Clinton and Gates are relatively good, especially compared to the likely alternatives. Up until now, there has been a debate in which Obama could choose some compromise view between them, on one hand, and Jones plus the more ideological White House staff, on the other. But what if Obama doesnt want to listen to the advice of Clinton and Gates, then operates through Donilon to put through his unadulterated first opinion? Imagine these people meeting to decide how to respond to a nuclear Iran, an aggressive Russia, some big foreign policy crisis.

Consider, for example, what's happening inside the war on...whatever it is. People who want to talk about radical Islamist ideology are treated as if they are extremist crazies and are lucky if they don't get fired. Meanwhile, huge amounts of money are poured into psychological explanations for terrorism or strategies for countering the revolutionaries that ignore all the real causes for their behavior. It would be hard to come up deliberately with a more self-defeating approach.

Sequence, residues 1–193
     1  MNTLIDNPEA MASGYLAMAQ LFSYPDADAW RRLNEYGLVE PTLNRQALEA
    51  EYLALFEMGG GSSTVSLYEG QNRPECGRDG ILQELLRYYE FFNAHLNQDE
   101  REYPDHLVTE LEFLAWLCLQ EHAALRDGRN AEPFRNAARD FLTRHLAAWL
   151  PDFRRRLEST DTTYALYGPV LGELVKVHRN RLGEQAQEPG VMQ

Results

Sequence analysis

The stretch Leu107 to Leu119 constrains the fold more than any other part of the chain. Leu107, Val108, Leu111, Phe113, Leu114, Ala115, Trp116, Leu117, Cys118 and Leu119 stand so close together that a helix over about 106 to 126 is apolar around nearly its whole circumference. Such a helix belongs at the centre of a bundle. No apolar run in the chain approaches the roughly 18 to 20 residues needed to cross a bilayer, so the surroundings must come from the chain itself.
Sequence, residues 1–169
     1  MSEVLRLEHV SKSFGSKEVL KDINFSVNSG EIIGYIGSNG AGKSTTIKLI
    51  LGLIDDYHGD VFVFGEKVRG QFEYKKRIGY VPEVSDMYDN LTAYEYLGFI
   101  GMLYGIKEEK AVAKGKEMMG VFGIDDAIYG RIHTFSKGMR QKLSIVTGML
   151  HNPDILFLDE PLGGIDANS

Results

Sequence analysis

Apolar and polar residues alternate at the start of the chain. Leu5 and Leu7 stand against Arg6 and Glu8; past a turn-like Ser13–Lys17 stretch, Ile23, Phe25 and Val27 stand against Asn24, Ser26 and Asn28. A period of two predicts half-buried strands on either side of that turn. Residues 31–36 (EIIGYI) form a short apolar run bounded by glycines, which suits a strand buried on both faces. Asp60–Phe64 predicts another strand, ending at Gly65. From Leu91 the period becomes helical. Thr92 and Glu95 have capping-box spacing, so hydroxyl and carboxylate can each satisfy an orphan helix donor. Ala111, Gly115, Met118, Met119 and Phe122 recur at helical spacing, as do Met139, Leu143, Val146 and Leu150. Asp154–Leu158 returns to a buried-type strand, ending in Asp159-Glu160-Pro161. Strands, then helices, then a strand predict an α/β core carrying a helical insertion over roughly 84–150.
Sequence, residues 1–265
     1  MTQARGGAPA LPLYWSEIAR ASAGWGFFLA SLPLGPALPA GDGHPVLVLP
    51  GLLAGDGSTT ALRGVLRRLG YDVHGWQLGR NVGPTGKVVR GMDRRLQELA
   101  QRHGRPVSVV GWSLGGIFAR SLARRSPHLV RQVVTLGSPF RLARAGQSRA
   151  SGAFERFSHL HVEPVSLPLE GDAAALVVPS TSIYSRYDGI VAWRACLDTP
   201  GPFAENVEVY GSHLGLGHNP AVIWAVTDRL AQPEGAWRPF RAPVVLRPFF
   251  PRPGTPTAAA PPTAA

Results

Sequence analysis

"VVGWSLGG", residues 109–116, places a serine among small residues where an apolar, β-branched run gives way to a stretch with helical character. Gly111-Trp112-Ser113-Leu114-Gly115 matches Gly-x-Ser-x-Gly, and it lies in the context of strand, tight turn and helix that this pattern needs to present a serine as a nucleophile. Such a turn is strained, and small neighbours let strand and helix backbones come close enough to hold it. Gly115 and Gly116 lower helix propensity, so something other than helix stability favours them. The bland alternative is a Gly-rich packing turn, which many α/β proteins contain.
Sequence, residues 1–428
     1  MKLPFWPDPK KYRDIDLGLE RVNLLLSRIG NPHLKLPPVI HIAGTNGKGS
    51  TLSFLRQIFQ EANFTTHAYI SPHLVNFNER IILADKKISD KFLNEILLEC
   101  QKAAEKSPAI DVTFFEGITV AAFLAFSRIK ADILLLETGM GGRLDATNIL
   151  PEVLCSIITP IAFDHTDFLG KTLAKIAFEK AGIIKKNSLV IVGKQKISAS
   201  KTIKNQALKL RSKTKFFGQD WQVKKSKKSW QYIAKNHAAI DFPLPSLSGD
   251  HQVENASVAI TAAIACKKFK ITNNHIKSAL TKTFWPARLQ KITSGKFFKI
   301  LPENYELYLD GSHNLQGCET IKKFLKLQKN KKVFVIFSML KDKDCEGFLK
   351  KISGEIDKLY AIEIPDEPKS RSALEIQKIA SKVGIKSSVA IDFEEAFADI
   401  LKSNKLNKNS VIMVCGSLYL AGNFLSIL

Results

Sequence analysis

These are the people who will face the difficult tasks ahead? This does not bode well for the Obama Administration or for lots of others around the world.

Barry Rubin is director of the Global Research in International Affairs (GLORIA) Center and editor of the Middle East Review of International Affairs (MERIA) Journal. His latest books are The Israel-Arab Reader (seventh edition), The Long War for Freedom: The Arab Struggle for Democracy in the Middle East (Wiley), and The Truth About Syria (Palgrave-Macmillan). The website of the GLORIA Center is at and of his blog, Rubin Reports,